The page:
Anglo-Saxon Jewelry Box
Thursday, June 04, 2015
Tom Lucking, a first-year university student and amateur metal detectorist in Norfolk, England, recently discovered one of the highest quality examples of Anglo-Saxon jewelry ever unearthed. “I’d been attempting to discover more about the area,” says Lucking, “but after I found a copper-alloy bowl, I called in professionals to excavate properly.” Lucking, it turns out, had located the mid-seventh-century A.D. grave of a high-status Anglo-Saxon woman. Her body was surrounded by grave goods, including gold and silver jewelry, the most notable piece of which is a three-inch-wide pendant inlaid with more than 400 red garnets, some cut to create an interwoven animal motif.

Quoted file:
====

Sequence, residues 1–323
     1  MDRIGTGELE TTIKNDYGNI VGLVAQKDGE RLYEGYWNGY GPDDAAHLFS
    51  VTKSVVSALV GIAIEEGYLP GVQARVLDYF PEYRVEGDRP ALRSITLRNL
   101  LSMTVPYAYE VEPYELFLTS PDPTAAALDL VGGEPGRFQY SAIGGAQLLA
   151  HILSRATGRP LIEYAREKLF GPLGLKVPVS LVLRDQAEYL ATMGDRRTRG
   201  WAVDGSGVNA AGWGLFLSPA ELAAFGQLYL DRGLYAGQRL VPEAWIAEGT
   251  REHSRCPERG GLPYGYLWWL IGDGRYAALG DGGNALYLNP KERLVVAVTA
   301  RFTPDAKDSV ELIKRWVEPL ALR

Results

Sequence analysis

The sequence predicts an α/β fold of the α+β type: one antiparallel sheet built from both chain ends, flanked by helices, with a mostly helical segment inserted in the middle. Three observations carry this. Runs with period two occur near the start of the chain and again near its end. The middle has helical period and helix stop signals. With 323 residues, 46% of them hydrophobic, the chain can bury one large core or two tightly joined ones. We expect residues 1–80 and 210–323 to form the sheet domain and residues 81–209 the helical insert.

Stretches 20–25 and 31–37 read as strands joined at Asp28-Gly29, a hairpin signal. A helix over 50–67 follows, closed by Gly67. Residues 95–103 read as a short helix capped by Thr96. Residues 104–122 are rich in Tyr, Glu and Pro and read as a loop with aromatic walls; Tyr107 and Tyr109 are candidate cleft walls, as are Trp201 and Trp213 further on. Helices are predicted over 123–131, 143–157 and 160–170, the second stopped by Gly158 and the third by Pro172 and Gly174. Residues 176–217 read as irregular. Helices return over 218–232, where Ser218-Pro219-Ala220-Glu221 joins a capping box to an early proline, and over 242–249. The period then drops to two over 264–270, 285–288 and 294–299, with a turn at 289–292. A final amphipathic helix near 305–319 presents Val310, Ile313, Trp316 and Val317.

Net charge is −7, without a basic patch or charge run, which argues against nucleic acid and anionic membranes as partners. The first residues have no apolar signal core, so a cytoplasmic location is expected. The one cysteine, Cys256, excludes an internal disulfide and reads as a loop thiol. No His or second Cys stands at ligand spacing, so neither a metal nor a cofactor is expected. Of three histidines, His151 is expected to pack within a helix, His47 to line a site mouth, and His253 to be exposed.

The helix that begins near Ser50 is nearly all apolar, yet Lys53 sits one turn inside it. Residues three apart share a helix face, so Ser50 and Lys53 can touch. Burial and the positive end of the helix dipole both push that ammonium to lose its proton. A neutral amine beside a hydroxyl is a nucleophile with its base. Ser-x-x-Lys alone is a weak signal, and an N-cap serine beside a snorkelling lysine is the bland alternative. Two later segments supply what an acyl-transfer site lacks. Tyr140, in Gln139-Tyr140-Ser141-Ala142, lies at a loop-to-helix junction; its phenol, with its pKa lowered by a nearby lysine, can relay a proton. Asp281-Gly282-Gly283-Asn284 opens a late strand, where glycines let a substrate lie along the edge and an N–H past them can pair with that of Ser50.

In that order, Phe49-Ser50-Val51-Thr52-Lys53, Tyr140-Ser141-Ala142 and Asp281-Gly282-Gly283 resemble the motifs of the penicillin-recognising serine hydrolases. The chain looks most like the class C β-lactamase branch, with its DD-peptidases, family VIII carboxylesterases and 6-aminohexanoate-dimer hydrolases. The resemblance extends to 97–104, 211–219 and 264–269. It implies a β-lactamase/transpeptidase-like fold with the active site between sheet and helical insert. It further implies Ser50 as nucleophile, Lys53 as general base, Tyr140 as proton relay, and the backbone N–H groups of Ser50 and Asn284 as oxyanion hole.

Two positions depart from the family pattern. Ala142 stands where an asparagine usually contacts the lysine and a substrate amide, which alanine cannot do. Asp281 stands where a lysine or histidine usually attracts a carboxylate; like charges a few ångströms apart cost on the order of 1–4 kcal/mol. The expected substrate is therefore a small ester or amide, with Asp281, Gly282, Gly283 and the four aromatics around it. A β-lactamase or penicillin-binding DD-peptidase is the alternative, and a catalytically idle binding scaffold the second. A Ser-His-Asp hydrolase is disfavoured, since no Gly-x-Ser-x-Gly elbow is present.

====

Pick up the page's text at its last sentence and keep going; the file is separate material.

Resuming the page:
Civil War booze, world’s oldest pretzels, Austria’s war camels, coral tombs of the Pacific, and a 2.8-million-year-old human
Styling hair in Bronze Age Wales